As we get older we’ve all experienced that feeling of time passing faster and faster. What used to seem like a long year ahead to get various IT and security projects accomplished has turned into, Wow – where did the year go; we haven’t gotten hardly anything done! Experts say this is related to how aging brains view time and past experiences. There’s also the reality of more and more responsibilities as we move up through the ranks. The trouble with all of this, however, is the reality that the security of our network systems often takes a backseat and isn’t getting the attention it dese
In preparation for VMworld next week Professor Wool has created a new whiteboard-style course on Network Security for VMware NSX. Each lesson focuses on a specific challenge of and provides technical tips for managing security policies across the VMware NSX software-defined data center and traditional data center.
Last week I blogged about understanding the security implications when migrating Greenfield and Brownfield applications to VMware NSX. Today, we’re examining the next steps after you’ve successfully deployed your virtualized datacenter – how you should approach managing, reporting on and auditing its security.
With VMworld 2016 fast approaching, let’s discuss a challenge facing many businesses when migrating to a virtualized platform: security. First of all, we need to separate between two scenarios. In a ‘Greenfield’ scenario, you’re building and deploying brand new applications into a virtualized data center. Clearly, this is an ideal situation, because you can essentially bake in security from the ground up. It is more likely, however, that you’ll have a ‘Brownfield’ scenario, where you are migrating existing business applications to a virtualized data center. In this case you need to migrate and adjust existing security policies for the new virtual environment.
Network segmentation is an effective strategy for protecting access to key data assets, and impeding the lateral movement of threats and cyber criminals inside your data center. With network virtualization, such as VMware NSX, now a reality it’s now far easier and quicker to set up granular security policies for east-west traffic within the data center. Yet the added granularity of securities policies creates significant complexity.
2,300 flights grounded across the US costing airlines an estimated $10 million in lost bookings alone. A bank’s customers’ losing access to their accounts. Businesses in New England losing telephone services. A flash flood warning mistakenly issued for Washington DC ……..the list goes on and on. What links all of these incidents? They are all the result of network outages during the month of July – costing millions of dollars in lost revenue and remediation costs, inconveniencing large numbers of customers, and damaging business reputations.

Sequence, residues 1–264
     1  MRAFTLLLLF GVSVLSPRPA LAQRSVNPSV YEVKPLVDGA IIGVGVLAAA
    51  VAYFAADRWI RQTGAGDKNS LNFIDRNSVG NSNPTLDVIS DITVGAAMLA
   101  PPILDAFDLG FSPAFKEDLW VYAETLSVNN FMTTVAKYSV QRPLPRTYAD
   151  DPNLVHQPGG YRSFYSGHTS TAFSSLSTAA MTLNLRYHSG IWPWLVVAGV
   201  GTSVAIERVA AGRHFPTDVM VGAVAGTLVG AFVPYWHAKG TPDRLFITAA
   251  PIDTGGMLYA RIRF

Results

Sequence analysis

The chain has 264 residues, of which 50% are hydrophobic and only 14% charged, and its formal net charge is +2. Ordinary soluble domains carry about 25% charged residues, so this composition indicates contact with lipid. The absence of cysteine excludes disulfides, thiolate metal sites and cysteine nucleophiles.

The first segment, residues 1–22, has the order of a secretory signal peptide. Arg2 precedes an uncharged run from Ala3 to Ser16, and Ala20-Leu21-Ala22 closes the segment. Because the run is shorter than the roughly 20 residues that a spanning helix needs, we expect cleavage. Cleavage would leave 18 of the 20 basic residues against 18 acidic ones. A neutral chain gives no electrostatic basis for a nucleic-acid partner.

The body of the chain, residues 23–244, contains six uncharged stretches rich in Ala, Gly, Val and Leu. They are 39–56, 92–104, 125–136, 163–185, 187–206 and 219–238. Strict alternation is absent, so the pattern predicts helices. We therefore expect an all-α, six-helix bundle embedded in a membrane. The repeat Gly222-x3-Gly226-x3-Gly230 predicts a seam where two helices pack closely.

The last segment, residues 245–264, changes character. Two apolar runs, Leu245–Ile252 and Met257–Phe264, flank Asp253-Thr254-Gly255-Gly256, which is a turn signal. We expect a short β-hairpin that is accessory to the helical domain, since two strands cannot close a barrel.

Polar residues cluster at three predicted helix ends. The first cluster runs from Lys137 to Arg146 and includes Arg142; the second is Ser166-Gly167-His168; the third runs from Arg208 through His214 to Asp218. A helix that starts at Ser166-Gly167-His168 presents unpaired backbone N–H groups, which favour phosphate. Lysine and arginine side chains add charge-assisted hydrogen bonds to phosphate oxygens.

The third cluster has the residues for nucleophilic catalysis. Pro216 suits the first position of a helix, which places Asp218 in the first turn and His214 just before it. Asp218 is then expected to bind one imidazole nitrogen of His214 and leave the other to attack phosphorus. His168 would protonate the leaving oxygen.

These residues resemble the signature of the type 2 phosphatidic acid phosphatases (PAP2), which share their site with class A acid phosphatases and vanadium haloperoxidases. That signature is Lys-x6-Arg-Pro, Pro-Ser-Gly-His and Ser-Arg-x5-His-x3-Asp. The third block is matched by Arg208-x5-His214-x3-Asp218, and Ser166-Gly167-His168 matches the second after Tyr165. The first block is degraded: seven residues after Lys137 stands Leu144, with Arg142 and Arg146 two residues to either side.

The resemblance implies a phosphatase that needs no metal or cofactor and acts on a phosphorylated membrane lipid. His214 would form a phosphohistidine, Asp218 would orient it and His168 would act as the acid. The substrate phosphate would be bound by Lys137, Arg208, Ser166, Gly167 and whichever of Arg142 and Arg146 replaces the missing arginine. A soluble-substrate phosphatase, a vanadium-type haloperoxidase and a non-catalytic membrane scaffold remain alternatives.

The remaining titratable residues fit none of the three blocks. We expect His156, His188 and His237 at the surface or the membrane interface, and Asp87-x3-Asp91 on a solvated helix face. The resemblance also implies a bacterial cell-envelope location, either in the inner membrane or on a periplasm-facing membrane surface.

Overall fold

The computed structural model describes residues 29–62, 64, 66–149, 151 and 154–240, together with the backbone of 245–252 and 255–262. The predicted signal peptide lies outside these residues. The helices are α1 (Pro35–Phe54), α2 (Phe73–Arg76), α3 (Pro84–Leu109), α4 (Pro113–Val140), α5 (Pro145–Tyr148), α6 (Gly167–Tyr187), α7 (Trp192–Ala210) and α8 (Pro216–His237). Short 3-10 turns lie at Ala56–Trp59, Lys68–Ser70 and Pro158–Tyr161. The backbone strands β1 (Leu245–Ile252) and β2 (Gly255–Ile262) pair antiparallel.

Despite its rising popularity, SDN can also drive fear, thanks to loss of visibility and control. In a networking model in which IT teams and managers have little to no physical visibility into their networks, how does security work? If you can’t see into the network, how do you control and manage it?
A few weeks ago Gartner released its annual Hype Cycle for Infrastructure Protection, 2016. It’s an impressive and exhaustive guide to the wide range of threat-facing technologies that help defend IT. Included among these technologies is Network Security Policy Management (NSPM) tools, which Gartner gives a benefit rating of ‘High’ – which in Gartner terms means that the technology “Enables new ways of performing horizontal or vertical processes that will result in significantly increased revenue or cost savings for an enterprise”.
Ask any marriage counselor what characterizes a relationship in stormy waters, and two of the most common problems they’ll report are a lack of communication and/or miscommunication. These same issues were recently highlighted in two research reports published by Osterman Research which examined how organizations reported IT security incidents and issues internally, collecting opinions from both sides of the table.
As businesses implement BYOD strategies, and allow staff to use their personal devices for work, there is a particular set of security challenges to contend with. For example, how should the enterprise apps and data on a smartphone, which need enterprise-level security, be insulated from the ‘Wild West’ world of both intentional and unintentional jailbreaks, exploits, bugs and vulnerabilities that a typical consumer smartphone operates in?
From the CIO’s perspective, IT and Network Security ultimately exist for one reason: to ensure the organization’s business applications securely drive the business. For IT this is fairly simple. Business applications is its business. IT is driven by the businesses’ needs and is responsible for enabling agility through IT. IT is involved, and has visibility into every aspect of the application’s lifecycle – from development through to delivery, performance monitoring and auditing. But when it comes to Security the story is a little different. Security exists to protect business applications, their connectivity flows and data. But, unlike the IT team, they are, in fact, working blind.
Globalization is the new normal for most organization today, but it can present some significant challenges – not least when it comes to managing the firewall estate across these large-scale, distributed networks.